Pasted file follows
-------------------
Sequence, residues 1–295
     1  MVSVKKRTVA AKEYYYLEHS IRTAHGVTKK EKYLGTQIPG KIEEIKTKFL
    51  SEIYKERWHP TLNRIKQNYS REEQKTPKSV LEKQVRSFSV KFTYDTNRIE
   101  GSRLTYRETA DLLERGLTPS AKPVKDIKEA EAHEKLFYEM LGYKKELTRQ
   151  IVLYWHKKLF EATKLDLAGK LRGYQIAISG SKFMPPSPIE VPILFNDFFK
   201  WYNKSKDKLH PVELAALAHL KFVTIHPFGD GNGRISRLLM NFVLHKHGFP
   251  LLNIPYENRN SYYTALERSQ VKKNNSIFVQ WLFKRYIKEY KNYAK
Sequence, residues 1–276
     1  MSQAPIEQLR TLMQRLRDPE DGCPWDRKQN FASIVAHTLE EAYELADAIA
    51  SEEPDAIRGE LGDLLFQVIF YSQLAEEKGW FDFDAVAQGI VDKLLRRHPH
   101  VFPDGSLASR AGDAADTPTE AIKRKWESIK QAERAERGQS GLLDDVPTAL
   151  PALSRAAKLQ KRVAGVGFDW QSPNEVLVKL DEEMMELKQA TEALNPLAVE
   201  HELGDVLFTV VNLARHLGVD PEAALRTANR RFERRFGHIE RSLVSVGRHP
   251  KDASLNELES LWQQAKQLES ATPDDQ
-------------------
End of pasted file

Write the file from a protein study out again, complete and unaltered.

Sequence, residues 1–295
     1  MVSVKKRTVA AKEYYYLEHS IRTAHGVTKK EKYLGTQIPG KIEEIKTKFL
    51  SEIYKERWHP TLNRIKQNYS REEQKTPKSV LEKQVRSFSV KFTYDTNRIE
   101  GSRLTYRETA DLLERGLTPS AKPVKDIKEA EAHEKLFYEM LGYKKELTRQ
   151  IVLYWHKKLF EATKLDLAGK LRGYQIAISG SKFMPPSPIE VPILFNDFFK
   201  WYNKSKDKLH PVELAALAHL KFVTIHPFGD GNGRISRLLM NFVLHKHGFP
   251  LLNIPYENRN SYYTALERSQ VKKNNSIFVQ WLFKRYIKEY KNYAK
Sequence, residues 1–276
     1  MSQAPIEQLR TLMQRLRDPE DGCPWDRKQN FASIVAHTLE EAYELADAIA
    51  SEEPDAIRGE LGDLLFQVIF YSQLAEEKGW FDFDAVAQGI VDKLLRRHPH
   101  VFPDGSLASR AGDAADTPTE AIKRKWESIK QAERAERGQS GLLDDVPTAL
   151  PALSRAAKLQ KRVAGVGFDW QSPNEVLVKL DEEMMELKQA TEALNPLAVE
   201  HELGDVLFTV VNLARHLGVD PEAALRTANR RFERRFGHIE RSLVSVGRHP
   251  KDASLNELES LWQQAKQLES ATPDDQ